• Friday, Saturday: Run 14-15 minutes, walk 1 minute, repeat twice, then run 2 minutes.
    • Tuesday, Thursday: Walk 30 minutes.
    • Sunday: Rest.
  • Week 6:
    • Monday, Wednesday: Run 16-17 minutes, walk 1 minute, then run 12-13 minutes.
    • Friday, Saturday: Run 18-19 minutes, walk 1 minute, then run 10-11 minutes.
    • Tuesday, Thursday: Walk 30 minutes.
    • Sunday: Rest
  • Week 7:
    • Monday, Tuesday, Wednesday: Run 20-22 minutes, walk 1 minute, then run 7-9 minutes.
    • Friday, Saturday: Run 24-26 minutes, walk 1 minute, then run 3-5 minutes.
    • Thursday: Walk 30 minutes.
    • Sunday: Rest.
  • Week 8:
    • Monday, Tuesday, Wednesday: Run 27-28 minutes, walk 1 minute, then 1-2 minutes.
    • Friday, Saturday: Run 29-30 minutes, walk 1 minute, then run 0-1 minute.
    • Thursday: Walk 30 minutes.
    • Sunday: Rest.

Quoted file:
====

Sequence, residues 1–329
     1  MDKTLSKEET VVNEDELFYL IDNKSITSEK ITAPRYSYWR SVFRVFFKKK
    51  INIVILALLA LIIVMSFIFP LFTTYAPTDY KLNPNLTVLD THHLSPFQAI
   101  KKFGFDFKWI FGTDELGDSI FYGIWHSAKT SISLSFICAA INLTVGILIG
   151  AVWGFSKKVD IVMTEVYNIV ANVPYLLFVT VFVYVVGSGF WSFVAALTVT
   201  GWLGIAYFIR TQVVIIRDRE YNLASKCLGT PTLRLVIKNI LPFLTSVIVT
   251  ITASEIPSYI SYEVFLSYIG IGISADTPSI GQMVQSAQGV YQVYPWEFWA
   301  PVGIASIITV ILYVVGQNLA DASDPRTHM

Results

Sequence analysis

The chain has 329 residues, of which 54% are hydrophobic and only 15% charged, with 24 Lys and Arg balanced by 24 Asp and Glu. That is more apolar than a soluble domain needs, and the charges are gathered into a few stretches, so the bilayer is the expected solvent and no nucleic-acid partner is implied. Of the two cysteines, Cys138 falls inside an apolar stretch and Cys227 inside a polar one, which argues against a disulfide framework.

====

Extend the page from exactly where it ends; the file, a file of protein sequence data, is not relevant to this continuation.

Training Tips

  • Fuel Up: drink water, eat a piece of fruit or a granola bar 45-60 minutes before
  • Warm-up/Cool-down: 3-5 minutes before and after
  • Stretch: after the exercise
  • Use good form: elbows bent at 90 degrees, swing with momentum forwards, not sideways, limit trunk rotation
  • Dress properly: layer to adjust to the temperature, wear a hat and use sunscreen
  • Cross-Train: low impact exercise on walking days or one running day to protect your joints and prevent injury and burn-out (elliptical)
  • Change shoes: every 250 to 300 miles
  • Heat/Cold: use heat before and ice after exercise if you have sore muscles or joints when you first begin.
  • Build on foundation: once you have a 30 minute base you can increase the duration and intensity on occasion.

SOURCE:  Runner's World

NEXT MONDAY – Read Dr. Paul J. Mackarey “Health & Exercise Forum!” in the Scranton Times-Tribune.  This article is not intended as a substitute for medical treatment. If you have questions related to your medical condition, please contact your family physician. For further inquires related to this topic email: drpmackarey@msn.comPaul J. Mackarey PT, DHSc, OCS is a Doctor in Health Sciences specializing in orthopaedic and sports physical therapy. Dr. Mackarey is in private practice and is an associate professor of clinical medicine at The Commonwealth Medical College.